August 17

Who was the subject of an advertisement in a colonial American newspaper 250 years ago today?

Pennsylvania Packet (August 17, 1772).

“He came on redemption, and was disappointed in meeting his expected friend.”

James Gordon found himself in an unanticipated situation when he migrated from Londonderry to Philadelphia in the summer of 1772.  The “WRITING-MASTER AND ACCOMPTANT” declared that he “came on redemption, and was disappointed in meeting his expected friend.”  In other words, he did not pay his passage in advance, nor did he sign an indenture and agree to work for a set number of years in exchange for transportation across the Atlantic.  Instead, Gordon became a redemptioner.  Compared to indentured servants who signed contracts that outlined their commitments in advance of departing European ports, redemptioners were “redeemed” by colonizers who paid their passage upon arrival.  Many redemptioners arranged in advance for family and friends to redeem them.  Others, however, sailed without knowing who might redeem them, sold into indentured servitude after crossing the Atlantic.  That system was especially popular with German-speaking migrants.  Newspapers published in Philadelphia ran the greatest numbers of advertisements offering redemptioners for sale.

Gordon apparently thought that a friend would redeem him when he arrived in Philadelphia, though the friend may not have been aware of that arrangement.  Whatever the circumstances, he placed an advertisement seeking a patron to redeem him by paying for his passage and hiring him “as a Clerk or Schoolmaster.”  Gordon expressed his willingness to work for “any Gentleman, Merchant, Farmer, or other, in any part of the province of Pennsylvania, or New-Jersey.”  If no one who wanted to hire him as a clerk or schoolmaster were to “pay his redemption,” he could be redeemed by someone who had him do other kinds of work that Gordon likely would have found much less agreeable.

To avoid that possibility, Gordon added a nota bene in which he attempted to promote the qualities that made him a good schoolmaster and clerk while simultaneously not scaring off prospective employers by overselling himself.  Perhaps most importantly, he wanted to impress them with his honesty.  “As the generality of advertisers are pleased to embellish their abilities with the most exalted encomiums,” he declared, “the above Gordon, as to that point inclines to be silent, only, that by his behaviour, method of teaching, (or clerkmanship) and assiduity, flatters himself of meriting the kind approbation of any employer.”  Gordon hoped that his advertisement would convince someone would hire him as a schoolmaster or clerk.  Otherwise, he faced the prospects of the owner or captain of the vessel that carried him across the ocean would allow others to “pay his redemption” and employ him as they saw fit.  Gordon may have thought that he had a deal in place when he left Londonderry, but redemption turned out to be a gamble for the writing master and clerk.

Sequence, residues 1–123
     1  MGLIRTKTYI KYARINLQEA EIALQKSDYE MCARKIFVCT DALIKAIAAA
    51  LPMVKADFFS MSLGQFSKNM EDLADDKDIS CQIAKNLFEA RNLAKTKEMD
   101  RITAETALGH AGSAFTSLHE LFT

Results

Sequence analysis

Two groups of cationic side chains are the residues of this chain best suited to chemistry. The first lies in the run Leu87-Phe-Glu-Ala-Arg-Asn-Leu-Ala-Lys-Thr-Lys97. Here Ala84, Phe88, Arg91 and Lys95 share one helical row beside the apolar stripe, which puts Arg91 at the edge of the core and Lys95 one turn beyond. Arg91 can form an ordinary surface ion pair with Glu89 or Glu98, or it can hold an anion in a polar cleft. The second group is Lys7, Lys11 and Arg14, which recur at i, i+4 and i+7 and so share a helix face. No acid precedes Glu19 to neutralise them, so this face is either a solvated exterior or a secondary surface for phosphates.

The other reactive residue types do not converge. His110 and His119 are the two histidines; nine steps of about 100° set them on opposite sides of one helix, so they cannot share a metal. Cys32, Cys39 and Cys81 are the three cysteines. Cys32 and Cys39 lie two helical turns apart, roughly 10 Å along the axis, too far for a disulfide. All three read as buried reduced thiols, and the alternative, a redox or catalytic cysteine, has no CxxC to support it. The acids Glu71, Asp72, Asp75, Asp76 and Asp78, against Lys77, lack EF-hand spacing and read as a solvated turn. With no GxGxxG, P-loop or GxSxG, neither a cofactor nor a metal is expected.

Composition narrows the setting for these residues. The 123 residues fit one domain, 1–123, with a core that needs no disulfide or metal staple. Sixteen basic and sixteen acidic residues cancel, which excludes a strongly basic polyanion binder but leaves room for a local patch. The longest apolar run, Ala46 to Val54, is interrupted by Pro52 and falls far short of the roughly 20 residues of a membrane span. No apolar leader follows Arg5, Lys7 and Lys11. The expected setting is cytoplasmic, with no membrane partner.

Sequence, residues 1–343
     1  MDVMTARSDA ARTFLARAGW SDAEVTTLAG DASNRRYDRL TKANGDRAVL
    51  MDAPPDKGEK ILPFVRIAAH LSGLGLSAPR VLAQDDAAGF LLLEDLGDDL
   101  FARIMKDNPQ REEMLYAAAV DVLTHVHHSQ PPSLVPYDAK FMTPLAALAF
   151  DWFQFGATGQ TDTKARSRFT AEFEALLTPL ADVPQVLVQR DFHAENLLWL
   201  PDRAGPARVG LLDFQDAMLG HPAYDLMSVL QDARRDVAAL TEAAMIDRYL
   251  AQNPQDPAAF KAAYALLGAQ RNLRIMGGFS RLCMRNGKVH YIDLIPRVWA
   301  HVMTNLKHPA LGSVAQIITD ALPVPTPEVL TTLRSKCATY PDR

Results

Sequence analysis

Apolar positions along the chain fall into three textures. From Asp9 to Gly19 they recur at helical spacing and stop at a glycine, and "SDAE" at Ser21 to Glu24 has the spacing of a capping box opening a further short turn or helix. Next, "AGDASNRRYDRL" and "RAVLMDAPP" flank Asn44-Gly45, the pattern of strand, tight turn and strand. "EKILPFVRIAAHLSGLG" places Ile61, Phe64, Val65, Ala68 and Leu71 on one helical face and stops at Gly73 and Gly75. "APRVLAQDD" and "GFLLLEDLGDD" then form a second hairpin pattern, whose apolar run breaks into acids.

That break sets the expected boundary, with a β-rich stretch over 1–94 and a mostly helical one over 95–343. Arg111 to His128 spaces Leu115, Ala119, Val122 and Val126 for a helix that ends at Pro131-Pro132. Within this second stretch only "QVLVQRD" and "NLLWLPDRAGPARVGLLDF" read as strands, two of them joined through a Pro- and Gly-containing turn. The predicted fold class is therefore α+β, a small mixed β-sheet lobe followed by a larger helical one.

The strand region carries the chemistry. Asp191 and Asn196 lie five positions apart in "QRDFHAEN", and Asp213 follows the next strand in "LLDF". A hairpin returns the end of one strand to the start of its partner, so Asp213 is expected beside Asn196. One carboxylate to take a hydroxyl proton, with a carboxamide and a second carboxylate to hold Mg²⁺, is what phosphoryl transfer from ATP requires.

August 31

What was advertised in a colonial American newspaper 250 years ago today?

Aug 31 - 8:31:1768 Pennsylvania Chronicle Postscript
Postscript to the Pennsylvania Chronicle (August 31, 1768).

“James Gordon Is removed from his store in Third-street.”

When he moved his shop from Third Street to Chestnut Street in the summer of 1768, James Gordon placed an advertisement in the Pennsylvania Chronicle to advise former and prospective customers where to acquire the array of goods he offered for sale. One insertion of his advertisement did not, however, appear in a standard issue distributed on Mondays, nor in a supplement that accompanied such an issue. Instead, Gordon’s advertisement and a handful of others appeared in a Postscript to the Pennsylvania Chronicle published on Wednesday, August 31. The Pennsylvania Chronicle was usually a counterpoint to the Pennsylvania Gazette and the Pennsylvania Journal, both distributed on Thursday, but subscribers and other readers gained access to this special issue just a day before the publication of the other two newspapers printed in Philadelphia.

William Goddard, the printer of the Pennsylvania Chronicle, explained the purpose of distributing the Postscript midway between issues instead of keeping to the usual schedule. “By the Earl of Halifax, arrived at New-York, from Falmouth, we have the following fresh Advices,” Goddard trumpeted, “which we now issue out in an extraordinary Half Sheet, as a Proof that we have as good Intelligence as our vigilant Neighbours, and are as willing to exert ourselves in the Service of the Public.” In other words, when it came to reporting the news from abroad the Pennsylvania Chronicle had the connections to keep its readers informed in a timely manner. That newspaper’s efforts rivaled those of its local competitors, both of which had been established for much longer. Indeed, by issuing the Postscript Goddard scooped the Gazette. The following day Hall and Sellers issued a Postscript to the Pennsylvania Gazette (in addition to the regular issue and the advertising supplement that usually accompanied it) that delivered the same news received “By the JULY PACKET, arrived at New-York from Falmouth.” That special edition also carried several advertisements.

Goddard issued the Postscript not only to keep readers informed but also to promote his newspaper. He hoped to increase circulation and, in turn, revenues from subscriptions and advertising. Compared to the Gazette and the Journal, the Chronicle carried fewer advertisements, but Goddard knew that he could attract more advertisers, like James Gordon, by increasing distribution. Prospective advertisers would be more willing to make that investment if the Chronicle increased its readership. Goddard’s note introducing the special edition was directed to advertisers as much as to readers.